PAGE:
Research Article | Open Access
Bor-Woei Kuo, Hsun-Hao Chang, Yung-Chang Chen, Shi-Yu Huang, "A Light-and-Fast SLAM Algorithm for Robots in Indoor Environments Using Line Segment Map", Journal of Robotics, vol. 2011, Article ID 257852, 12 pages, 2011. https://doi.org/10.1155/2011/257852
A Light-and-Fast SLAM Algorithm for Robots in Indoor Environments Using Line Segment Map
Simultaneous Localization and Mapping (SLAM) is an important technique for robotic system navigation. Due to the high complexity of the algorithm, SLAM usually needs long computational time or large amount of memory to achieve accurate results. In this paper, we present a lightweight Rao-Blackwellized particle filter- (RBPF-) based SLAM algorithm for indoor environments, which uses line segments extracted from the laser range finder as the fundamental map structure so as to reduce the memory usage. Since most major structures of indoor environments are usually orthogonal to each other, we can also efficiently increase the accuracy and reduce the complexity of our algorithm by exploiting this orthogonal property of line segments, that is, we treat line segments that are parallel or perpendicular to each other in a special way when calculating the importance weight of each particle. Experimental results shows that our work is capable of drawing maps in complex indoor environments, needing only very low amount of memory and much less computational time as compared to other grid map-based RBPF SLAM algorithms.
In recent years, Simultaneous Localization and Mapping (SLAM) has become one of the basic requirements for robotic navigation. This technique allows robots to have the ability to simultaneously build up a map and localize itself in an unknown environment. The main issue involved is that while localizing a robot we need an accurate map, and for updating the map the robot needs to estimate its location accurately. The relation between robot localization and map updating is usually described as a highly complex chicken-and-egg problem.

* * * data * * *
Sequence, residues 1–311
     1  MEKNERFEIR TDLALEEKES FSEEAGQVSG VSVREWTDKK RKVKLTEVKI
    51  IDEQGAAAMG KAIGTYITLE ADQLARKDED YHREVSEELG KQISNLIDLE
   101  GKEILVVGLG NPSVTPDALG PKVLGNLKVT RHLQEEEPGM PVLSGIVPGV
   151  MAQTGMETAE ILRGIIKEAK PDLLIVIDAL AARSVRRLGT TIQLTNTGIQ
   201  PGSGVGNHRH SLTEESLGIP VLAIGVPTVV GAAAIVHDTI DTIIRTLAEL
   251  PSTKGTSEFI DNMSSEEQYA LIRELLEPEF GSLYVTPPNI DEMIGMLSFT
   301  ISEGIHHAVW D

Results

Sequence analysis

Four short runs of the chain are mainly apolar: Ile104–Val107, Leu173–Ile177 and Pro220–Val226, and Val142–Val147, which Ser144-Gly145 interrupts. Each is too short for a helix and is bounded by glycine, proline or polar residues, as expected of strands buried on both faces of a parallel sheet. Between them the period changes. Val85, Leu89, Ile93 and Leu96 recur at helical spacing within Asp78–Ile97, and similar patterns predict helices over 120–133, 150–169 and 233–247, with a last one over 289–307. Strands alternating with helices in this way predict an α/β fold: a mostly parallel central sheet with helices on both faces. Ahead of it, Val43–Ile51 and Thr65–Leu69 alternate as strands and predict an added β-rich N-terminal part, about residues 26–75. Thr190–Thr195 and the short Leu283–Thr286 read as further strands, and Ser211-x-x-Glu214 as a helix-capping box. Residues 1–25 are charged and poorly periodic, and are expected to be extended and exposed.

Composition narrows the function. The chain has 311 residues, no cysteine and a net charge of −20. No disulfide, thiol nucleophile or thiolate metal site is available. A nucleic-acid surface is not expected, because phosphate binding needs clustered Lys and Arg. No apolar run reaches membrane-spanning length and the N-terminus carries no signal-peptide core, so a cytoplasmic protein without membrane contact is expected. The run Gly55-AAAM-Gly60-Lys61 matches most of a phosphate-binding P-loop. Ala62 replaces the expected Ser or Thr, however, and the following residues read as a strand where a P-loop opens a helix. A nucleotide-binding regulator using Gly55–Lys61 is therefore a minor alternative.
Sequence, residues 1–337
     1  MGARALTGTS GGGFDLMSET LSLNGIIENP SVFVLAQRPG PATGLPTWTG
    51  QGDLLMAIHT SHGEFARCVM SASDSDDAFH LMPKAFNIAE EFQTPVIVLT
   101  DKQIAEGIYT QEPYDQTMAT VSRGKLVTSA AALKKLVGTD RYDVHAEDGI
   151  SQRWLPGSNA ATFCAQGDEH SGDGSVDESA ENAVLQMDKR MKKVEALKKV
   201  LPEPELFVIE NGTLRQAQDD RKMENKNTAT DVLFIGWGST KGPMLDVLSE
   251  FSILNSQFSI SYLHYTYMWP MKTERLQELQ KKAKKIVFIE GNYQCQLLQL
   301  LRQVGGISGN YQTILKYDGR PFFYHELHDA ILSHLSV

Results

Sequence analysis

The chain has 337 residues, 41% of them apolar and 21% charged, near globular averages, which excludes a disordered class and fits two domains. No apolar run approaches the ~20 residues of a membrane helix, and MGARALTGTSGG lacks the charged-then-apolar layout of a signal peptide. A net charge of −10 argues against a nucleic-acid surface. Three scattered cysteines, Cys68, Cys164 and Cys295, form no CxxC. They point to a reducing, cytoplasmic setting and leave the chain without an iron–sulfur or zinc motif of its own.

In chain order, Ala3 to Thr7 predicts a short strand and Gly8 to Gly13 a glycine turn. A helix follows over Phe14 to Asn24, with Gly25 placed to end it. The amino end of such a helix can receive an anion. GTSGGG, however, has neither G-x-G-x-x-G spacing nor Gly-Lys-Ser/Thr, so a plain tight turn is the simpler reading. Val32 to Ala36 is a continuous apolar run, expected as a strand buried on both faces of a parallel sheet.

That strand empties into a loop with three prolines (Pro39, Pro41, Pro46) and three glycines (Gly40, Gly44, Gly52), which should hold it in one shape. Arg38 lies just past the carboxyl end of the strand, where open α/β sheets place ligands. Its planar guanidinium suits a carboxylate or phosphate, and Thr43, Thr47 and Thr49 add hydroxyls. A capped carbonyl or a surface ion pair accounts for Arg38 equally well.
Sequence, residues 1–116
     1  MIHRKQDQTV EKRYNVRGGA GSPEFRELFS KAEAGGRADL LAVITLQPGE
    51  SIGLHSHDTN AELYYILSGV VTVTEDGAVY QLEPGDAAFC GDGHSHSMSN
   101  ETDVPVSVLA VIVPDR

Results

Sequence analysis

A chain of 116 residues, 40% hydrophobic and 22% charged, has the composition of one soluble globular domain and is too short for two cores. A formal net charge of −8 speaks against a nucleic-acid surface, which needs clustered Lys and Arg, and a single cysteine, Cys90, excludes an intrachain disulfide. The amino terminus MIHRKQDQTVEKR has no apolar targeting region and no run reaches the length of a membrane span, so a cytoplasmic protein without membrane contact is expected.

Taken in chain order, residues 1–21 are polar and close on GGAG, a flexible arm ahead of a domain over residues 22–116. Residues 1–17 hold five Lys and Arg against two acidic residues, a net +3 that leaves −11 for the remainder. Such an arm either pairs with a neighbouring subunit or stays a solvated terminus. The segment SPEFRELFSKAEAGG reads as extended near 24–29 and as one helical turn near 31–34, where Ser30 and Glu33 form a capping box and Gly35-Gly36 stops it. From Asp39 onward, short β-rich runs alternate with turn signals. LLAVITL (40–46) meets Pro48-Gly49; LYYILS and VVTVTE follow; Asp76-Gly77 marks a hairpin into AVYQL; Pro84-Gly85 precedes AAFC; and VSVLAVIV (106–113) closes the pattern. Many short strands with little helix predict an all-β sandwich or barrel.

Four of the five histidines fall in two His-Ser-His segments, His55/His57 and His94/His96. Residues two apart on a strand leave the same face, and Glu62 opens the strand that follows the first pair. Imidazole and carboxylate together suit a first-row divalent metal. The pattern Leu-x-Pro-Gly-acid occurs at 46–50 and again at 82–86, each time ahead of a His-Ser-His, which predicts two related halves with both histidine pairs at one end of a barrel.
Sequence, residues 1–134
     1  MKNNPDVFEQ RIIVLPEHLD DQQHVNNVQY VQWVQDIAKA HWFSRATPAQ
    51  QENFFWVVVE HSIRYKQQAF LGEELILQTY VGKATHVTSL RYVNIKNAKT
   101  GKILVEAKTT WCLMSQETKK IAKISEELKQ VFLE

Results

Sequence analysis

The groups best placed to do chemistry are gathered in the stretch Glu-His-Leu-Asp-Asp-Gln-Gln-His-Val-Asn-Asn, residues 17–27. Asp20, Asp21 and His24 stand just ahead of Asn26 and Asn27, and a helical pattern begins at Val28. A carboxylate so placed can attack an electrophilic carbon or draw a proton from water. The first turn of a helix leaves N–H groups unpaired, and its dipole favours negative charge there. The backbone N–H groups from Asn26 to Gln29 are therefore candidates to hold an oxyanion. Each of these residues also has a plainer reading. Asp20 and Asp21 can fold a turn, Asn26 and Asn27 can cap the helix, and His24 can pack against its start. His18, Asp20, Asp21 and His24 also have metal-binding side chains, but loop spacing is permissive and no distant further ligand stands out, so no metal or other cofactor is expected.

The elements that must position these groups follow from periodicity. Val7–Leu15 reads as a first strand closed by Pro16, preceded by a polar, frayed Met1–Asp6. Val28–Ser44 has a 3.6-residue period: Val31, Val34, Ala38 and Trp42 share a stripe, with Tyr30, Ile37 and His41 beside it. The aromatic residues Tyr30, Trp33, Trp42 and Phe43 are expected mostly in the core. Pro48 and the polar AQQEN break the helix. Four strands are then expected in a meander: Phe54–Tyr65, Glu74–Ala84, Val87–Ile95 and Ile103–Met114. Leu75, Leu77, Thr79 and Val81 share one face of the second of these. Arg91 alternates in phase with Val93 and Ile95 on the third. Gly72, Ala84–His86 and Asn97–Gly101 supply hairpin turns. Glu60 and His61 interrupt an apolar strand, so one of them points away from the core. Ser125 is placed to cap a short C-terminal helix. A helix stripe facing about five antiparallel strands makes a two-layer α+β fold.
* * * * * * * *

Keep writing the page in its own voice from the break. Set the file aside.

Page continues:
Clearly, lightweight SLAM algorithms are needed in intelligent robotic systems, because mobile robots are sometimes limited by its size and power budget, so it is usually equipped with a microprocessor which has lower capability than ordinary PCs. For instance, robotic vacuum cleaner has been widely used in many indoor housekeeping applications, but most of these robotic cleaners just randomly wander around the environment and cleans up the floor along its path, which is a very inefficient way to clean up a room. After integrating SLAM into the robotic system [1, 2], we can develop an intelligent robotic vacuum cleaner, which is capable of planning its path in a more efficient way by using the map and location information. However, as mentioned in , price, size, and accuracy of the sensor is not the major problem, due to the fast progress in sensing technology. The biggest challenge will be how to develop a robust lightweight algorithm and how to integrate it into these embedded robotic systems.
Rao-Blackwellized particle filter (RBPF), which was first introduced by Murphy and his colleagues [4, 5], has become one of the most successful ways of solving the SLAM problem [5–10]. Montemerlo et al. extended this ideal and proposed the FASTSLAM  algorithm which uses a Rao-Blackwellized particle filter to estimate the robot’s poses and tracks the location of landmarks by using an extended Kalman filter (EKF). Another efficient approach to solve the SLAM problem using RBPF is the DP-SLAM [8, 11], which uses grid maps rather than landmark maps so that it does not need any assumption on landmarks. The algorithm assigns each so-called particle (i.e., a snapshot of the environment the robot recognizes in terms of a local map and the location and pose of the robot in the map) an individual map and maintains these maps by sharing the same parts of the map between particles using a technique called distributed particle mapping, which efficiently reduce the memory needed for grid map-based RPBF SLAM. Recently  proposed a hybrid approach which uses the grid map as the main map structure and enhance the grid map by a set of line segment maps; as a result, this hybrid approach is able to increase the accuracy of the algorithm.